(Beginning in mid-March 2020, when the world shut down, I began a bi-weekly conversation with the parents who had been in my RIE classes. Since not every family could make it to these conversations, but each conversation touched on important elements, I would often write up a summary of the conversation. What follows is one of those summaries.)
Thank you to those who were able to make it last night. This has been a rather dark week for me, and as much as I counsel taking deep breaths, asking yourself what you want out of this experience, focusing on self-care…well I’m actually cycling in and out of the three areas of experiences in C-19…fear, learning, and growth…on a regular basis.
And these calls are as important to me as they are to you, they help me step out of fear and into growth.
And again: no guilt if you want to make it, but can’t, or just don’t want to. I’m here if you need me, and I’m here if you don’t.
Our conversations circled around the very real fears and worries we have about our current experiences and what the uncertain future holds for us and for our children. We talked about what helps (staying in the moment, focusing on work or something for yourself, and most importantly tremendously appreciating the opportunity for bonding with your children, really getting to know them more intimately than you’ve ever had the opportunity to do so before.)
We also talked…tantrums. Tantrums are definitely one of those things that would be happening in most of your lives right now, regardless of circumstances…but are also definitely one of those things that may be happening more because of the restrictions we’re all living under (I mean, I know they’re happening in my house more frequently…ahem). So let’s talk about what tantrums are.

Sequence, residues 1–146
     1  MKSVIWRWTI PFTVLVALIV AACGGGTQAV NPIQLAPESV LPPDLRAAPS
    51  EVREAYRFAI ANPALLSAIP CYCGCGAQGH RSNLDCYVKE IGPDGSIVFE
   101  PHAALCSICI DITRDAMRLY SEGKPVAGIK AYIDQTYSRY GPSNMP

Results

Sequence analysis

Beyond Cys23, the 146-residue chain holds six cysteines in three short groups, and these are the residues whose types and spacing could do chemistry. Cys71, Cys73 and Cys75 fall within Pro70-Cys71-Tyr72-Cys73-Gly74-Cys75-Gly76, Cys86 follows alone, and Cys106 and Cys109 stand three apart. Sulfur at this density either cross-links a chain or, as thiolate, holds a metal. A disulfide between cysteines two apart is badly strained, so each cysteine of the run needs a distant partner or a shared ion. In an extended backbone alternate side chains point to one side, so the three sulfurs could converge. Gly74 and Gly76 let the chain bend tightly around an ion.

Put simply, a tantrum happens when an overriding wish, want, or need is not granted or available, and instead of using logic to reply or self-control to keep the feelings of frustration and disappointment at bay, all of the anger, angst, despair, rejection, grief…comes pouring out, generally with little language and a lot of tears…sometimes hits or kicks….You get the idea….goodness knows I don’t have to describe them to you. But what’s really happening is the child is “unable to regulate his emotions and actions in that moment…he is enough out of sorts in his nervous system that he whines or doesn’t have the capacity to be flexible and manage his feelings in that moment” (No Drama Discipline, p. 85).
What do you need when that happens to you? Yes, sometimes getting your heart’s desire will arrest the tantrum and make everything right in the world…but sometimes you can’t give them that, and sometimes you really just know you shouldn’t. (And in fact, coming to terms with the fact that you can’t always get your way is a hard, but very important life skill….as well as important for being able to live a happy and fulfilled life.) And in any case, what you really need when the bottom drops out of your emotional world is love, connection, and empathy.